Our Three Biggest Takeaways from Shoptalk

March 11, 2019
Even swag socks and fire dancers couldn’t distract from these persistent themes
Our Three Biggest Takeaways from Shoptalk

Sprawling throughout Las Vegas’ The Venetian, Shoptalk 2019 proved to be one of the most insightful, fantastic, and dare we say magical retail conferences out there. Between the fire dancers, interactive booths, and free massages, it’s almost easy to forget that the event is for work and not just a three-day party and wellness retreat.

As if the perks weren’t enough (the socks! so many swag socks), the lineup of speakers and events gave us enough to think about and ponder over for the next few months. Three big retail themes that persisted throughout the conference. If you weren’t able to make Shoptalk this year (or if you were there, but too distracted by Shaggy concerts and spiked milkshakes made by a robot to pay attention), have a look at the top three retail ideas we’re taking away from the event.

2019 retail is all about data

Dollar Shave Club first made a name for themselves as something to watch in retail when a YouTube video of theirs went viral seven years ago. Since then, they’ve consistently lived at the forefront of the subscription retail model. The main asset helping them stay constantly refreshing and relevant? Data.

As CEO Michael Dubin said of the importance of data collection during Dollar Shave Club’s Shoptalk session, “It’s knowing everything about the member and helping simplify the shopping experience so you get the best products,” Dubin said. “The more we know about you, the more we can make it appealing to the people in their 70s as well as the people in their 20s.”

Learning more about the needs of their demographic resulted in Dollar Shave Club rolling out Mel Magazine, a men’s health and wellness publication, as well as new physical products like their fragrance line and deodorant (coming soon).

Dollar Shave Club wasn’t the only data enthusiast at the event. Charlie Cole, the Chief eCommerce Officer for Samsonite, also said that data was key to communicating effectively with your customers. Tapestry, a branding house for luxury lifestyle brands, has even created data labs to make sure it’s constantly collecting the necessary statistics to own their place in the retail landscape. Mike Smith, COO of StitchFix expressed pleasant surprise at how easy it is to ask questions of your customers and get the responses needed.

Customization is king

Levi’s executive VP made the official announcement that Levi’s will be rolling out a new feature that lets customers customize the jeans they order online. Options range into the thousands, a huge and totally new step for the denim retailer.

Brands risk losing connection with their customers when so much shopping is done online, and customization and personalization are crucial ways to make a retail experience feel like a collaboration, not just a transaction.

Levi’s shift reflects a larger trend that brands like DSW are also conscious of. As CEO Roger Rawlins said, “Now it's about personalization and helping a customer find that one shoe they want out of the 800 labels they sell.” Brands risk losing connection with their customers when so much shopping is done online, and customization and personalization are crucial ways to make a retail experience feel like a collaboration, not just a transaction.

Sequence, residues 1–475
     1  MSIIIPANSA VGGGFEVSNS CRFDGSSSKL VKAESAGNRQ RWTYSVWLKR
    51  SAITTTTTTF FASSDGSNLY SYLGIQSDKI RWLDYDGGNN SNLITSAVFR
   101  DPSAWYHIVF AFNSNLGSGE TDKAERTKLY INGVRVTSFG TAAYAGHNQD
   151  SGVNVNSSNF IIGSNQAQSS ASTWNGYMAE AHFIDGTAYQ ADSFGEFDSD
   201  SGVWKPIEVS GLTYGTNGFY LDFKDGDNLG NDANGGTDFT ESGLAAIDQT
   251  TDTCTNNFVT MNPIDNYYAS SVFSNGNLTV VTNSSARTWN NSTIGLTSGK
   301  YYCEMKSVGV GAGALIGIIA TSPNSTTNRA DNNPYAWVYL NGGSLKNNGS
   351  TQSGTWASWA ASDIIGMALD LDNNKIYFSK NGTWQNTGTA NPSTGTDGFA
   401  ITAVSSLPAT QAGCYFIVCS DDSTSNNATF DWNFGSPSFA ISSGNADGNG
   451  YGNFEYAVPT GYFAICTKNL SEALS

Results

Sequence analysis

As technology evolves to support truly innovative personalization efforts, brands that don’t implement them will lose customers to the collaboration-focused brands.

Move to where your customer is

A major theme at Shoptalk this year was dispelling the notion that retail is dead. It’s very much alive and well, just expanded across different channels and methods of shopping. Embracing omnichannel retail is just one key understanding that retails must embrace. In order to continue to sell to customers, you have to meet them where they already are.

A major theme at Shoptalk this year was dispelling the notion that retail is dead. It’s very much alive and well, just expanded across different channels and methods of shopping.

Macy’s is working on features to improve its app, since data found that two-thirds of traffic and half of all online sales come from mobile usage. 45 percent of all Crate and Barrel sales start online, and Nordstrom has begun housing some startup brands that began as online only stores.

The people are clear about how and where they want to shop — wherever is most convenient — and retailers are taking note. And although “buy online, pick up in store” is almost all we heard about last year, too many brands don’t have the practice down pat yet. Smoothing out the omnichannel retail experience will be key to retaining loyal customers in the future.

Overall, Shoptalk gave an optimistic look into how retailers embracing new technologies to make the customer experience more enjoyable and shopping more frictionless. The landscape may be changing rapidly, but with the change comes opportunities for brands to deepen their relationship with customers and prove that they’re listening to what consumers want.

Tags: News, Shoptalk

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